Some stories you write. You chase after them, wrestle them to the ground, bleed and sweat as you knit words together, and walk away only after all the fight has gone out of them. Other stories happen to you. Pitsberg is one of those.
A chance sighting on the street, a dream that still resonated in the morning, words scribbled here and there, and a steady cascade of ideas that rained down on me from nowhere…that’s where Pitsberg came from. Over four years, I learned to trust in lucky accidents and dutifully write them all down. Whenever I tried to force something into the flow, it inevitably felt artificial and it dissolved away. Only the pieces that arrived on their own turned out to be genuine.
Lines of dialogue, character names and backstories, color theory, and even the non-traditional format of the story itself were like gifts laid out in my path. When I picked one up and suddenly recognized it as the lynchpin to a dozen other ideas, it was alarming to realize that I might have missed it – along with who knows how many other lynchpins. But after a while, it became apparent that they were all just waiting to be discovered.
Other than fitting firmly into my favorite category (science fiction), Pitsberg is unlike any of my previous stories. A female-driven mystery for mature readers with scientific, political, sociological, economic, environmental, and even religious themes. Allegory and fantasy woven together in ways that I’d never considered before. I didn’t chase after it. Like I said, it happened to me.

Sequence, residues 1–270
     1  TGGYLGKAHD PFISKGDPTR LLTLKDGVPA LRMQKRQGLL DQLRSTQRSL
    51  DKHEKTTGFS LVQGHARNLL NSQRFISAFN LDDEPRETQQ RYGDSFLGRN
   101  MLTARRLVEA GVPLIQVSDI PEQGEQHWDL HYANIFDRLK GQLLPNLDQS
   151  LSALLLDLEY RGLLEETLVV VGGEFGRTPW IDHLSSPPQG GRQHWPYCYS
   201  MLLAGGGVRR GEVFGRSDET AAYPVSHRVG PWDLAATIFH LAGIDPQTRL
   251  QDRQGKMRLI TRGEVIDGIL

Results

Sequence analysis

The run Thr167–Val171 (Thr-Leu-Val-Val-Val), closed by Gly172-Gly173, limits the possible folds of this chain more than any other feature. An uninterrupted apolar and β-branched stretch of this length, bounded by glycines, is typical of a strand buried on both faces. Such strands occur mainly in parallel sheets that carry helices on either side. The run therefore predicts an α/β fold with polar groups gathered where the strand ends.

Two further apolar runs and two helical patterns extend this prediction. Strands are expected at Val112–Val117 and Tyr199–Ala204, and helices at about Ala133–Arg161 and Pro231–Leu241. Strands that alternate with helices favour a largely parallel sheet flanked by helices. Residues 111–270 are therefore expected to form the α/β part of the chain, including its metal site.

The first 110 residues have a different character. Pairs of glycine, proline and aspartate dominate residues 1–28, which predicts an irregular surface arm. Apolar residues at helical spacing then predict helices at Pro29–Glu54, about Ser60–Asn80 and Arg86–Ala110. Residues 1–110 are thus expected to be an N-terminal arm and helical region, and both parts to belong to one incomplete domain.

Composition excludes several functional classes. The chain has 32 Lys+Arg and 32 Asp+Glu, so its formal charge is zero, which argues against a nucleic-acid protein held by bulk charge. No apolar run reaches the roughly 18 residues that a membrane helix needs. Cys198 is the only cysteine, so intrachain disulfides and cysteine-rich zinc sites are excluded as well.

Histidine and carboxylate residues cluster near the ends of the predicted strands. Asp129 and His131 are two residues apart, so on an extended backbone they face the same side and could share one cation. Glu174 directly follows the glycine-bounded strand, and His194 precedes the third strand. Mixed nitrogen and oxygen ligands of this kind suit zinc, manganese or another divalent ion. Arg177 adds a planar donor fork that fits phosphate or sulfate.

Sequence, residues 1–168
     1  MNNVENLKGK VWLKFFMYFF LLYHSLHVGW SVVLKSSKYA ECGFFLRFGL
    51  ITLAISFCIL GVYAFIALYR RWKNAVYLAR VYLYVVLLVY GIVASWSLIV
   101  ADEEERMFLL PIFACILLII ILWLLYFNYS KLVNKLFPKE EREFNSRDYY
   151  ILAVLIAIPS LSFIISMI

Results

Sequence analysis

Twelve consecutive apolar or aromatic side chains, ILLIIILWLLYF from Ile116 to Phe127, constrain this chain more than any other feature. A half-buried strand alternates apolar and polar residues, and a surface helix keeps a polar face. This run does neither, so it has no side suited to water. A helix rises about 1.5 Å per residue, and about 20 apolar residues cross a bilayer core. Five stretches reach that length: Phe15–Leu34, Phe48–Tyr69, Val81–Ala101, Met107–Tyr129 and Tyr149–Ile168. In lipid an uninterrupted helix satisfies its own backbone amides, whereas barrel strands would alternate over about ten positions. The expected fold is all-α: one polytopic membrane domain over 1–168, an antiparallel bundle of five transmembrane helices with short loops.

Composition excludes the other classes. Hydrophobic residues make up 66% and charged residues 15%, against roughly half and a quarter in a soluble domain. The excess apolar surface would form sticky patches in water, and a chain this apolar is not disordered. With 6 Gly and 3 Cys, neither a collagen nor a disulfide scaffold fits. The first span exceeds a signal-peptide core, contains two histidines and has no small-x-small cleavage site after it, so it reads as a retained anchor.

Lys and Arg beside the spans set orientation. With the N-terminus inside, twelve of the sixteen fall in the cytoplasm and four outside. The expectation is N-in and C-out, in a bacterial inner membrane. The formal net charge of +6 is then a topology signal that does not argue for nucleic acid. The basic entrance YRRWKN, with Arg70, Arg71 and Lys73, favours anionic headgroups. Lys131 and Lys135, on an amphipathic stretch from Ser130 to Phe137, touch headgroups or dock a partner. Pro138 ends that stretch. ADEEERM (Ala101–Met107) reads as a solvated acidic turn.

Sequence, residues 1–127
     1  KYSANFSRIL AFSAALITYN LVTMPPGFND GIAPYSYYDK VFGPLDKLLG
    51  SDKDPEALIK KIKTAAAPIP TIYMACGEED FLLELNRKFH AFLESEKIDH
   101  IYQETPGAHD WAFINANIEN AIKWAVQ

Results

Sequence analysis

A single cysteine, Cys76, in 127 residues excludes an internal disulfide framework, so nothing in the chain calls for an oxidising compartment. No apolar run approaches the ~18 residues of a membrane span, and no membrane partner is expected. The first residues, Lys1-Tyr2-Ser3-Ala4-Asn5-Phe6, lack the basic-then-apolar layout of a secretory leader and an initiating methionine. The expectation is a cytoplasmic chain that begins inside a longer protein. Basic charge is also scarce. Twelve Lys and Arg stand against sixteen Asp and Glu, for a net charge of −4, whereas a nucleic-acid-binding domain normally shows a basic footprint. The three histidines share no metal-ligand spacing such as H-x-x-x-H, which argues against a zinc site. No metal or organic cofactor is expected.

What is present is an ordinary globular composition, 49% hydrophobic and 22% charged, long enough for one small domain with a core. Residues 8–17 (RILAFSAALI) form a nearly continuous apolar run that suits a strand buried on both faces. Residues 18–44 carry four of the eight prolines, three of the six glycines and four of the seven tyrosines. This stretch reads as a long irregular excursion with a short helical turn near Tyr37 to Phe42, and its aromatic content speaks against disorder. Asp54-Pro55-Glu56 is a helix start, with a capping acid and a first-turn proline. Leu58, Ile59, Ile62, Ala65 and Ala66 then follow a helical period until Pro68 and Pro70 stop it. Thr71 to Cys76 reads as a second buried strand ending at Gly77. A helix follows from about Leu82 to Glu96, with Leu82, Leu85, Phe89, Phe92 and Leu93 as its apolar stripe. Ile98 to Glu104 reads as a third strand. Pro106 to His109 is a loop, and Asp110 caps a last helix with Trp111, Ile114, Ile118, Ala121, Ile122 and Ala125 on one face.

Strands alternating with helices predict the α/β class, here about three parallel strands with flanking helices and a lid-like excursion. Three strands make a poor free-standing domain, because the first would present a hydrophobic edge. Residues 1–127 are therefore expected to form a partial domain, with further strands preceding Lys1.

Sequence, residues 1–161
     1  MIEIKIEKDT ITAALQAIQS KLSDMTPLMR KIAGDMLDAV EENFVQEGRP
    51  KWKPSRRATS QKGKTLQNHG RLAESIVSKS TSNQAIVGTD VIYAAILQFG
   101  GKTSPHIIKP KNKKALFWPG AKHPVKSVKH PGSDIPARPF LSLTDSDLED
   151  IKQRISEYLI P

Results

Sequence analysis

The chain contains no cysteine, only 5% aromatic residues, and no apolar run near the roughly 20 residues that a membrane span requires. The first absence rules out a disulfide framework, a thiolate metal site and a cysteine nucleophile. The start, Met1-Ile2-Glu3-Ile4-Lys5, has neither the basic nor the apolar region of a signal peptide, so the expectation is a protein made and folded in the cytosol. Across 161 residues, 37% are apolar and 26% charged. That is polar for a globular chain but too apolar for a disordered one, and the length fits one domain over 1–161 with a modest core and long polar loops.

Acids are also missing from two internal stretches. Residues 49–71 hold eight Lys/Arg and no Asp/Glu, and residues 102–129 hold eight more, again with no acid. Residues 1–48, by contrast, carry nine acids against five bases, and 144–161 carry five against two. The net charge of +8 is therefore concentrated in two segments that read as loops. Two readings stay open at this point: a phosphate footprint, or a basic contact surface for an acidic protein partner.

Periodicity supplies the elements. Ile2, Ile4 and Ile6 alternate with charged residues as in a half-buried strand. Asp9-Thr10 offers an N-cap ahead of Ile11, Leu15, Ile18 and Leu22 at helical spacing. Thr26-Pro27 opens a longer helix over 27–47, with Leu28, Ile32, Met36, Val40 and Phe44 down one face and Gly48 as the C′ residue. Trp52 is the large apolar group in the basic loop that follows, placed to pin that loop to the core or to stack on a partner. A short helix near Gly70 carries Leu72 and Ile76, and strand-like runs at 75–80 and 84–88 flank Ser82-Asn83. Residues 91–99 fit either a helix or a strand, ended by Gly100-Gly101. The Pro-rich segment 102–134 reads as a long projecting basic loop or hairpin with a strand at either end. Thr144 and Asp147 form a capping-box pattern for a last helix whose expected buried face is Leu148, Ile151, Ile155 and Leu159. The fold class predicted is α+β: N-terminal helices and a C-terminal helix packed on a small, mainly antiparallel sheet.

There was also a string of luck that brought some terrific collaborators into the mix, all of whom told me on separate occasions that Pitsberg was so unique and different that it provided a break from their usual work. In other words, it happened to them, too.
As the map on the home page hopefully makes clear, this story consists of three separate narratives: video chapters, webcomic chapters, and Fallen Heroes. They weave into one another in very specific and deliberate ways that become clearer as they advance. This was another idea that seemed to arrive from nowhere; I’d already decided to leave behind the world of paper publishing (and all its inherent compromises) to explore the freedoms granted by an online environment. The result is a story that cannot be contained on paper and converted to profit.
It took a measure of financial freedom to make that possible, but that freedom does not extend to advertising. This is where you come in. Now that Pitsberg is happening to you, too, I’ll be very grateful if you can spread the word and help it happen to others.
– Tim Eldred, March 2016
JOHNNY CERAVOLO is a musician and vocalist who has performed with When in Rome II and on many of his own projects. Find his work on Soundcloud.
ALESSIA MATERA painted the opening sequence of the first webcomic chapter. An aspiring artist in the animation industry, this is her first published work. Visit her website here.
BETSY GOLDEN is a comic book editor-turned-colorist who graduated from the Savannah College of Art & Design. See more of her work here.
JEFF STARLING is an illustrator and designer working in the animation industry. His contribution to Pitsberg was to build CG models of the hardware so the artwork could actually be finished in this century.
THOMAS PERKINS is an Emmy-winning illustrator and designer working in the animation industry. He designed all of the characters in Fallen Heroes and more of his work can be found here: Blogspot, Tumblr, Official website.
JESSIE CUFFE is a comics/animation artist who contributed the character art to the Fallen Heroes chapters. Find more of her work at her website here.
Special thanks to Thomas Kercheval and Lindsey Myers-Pearson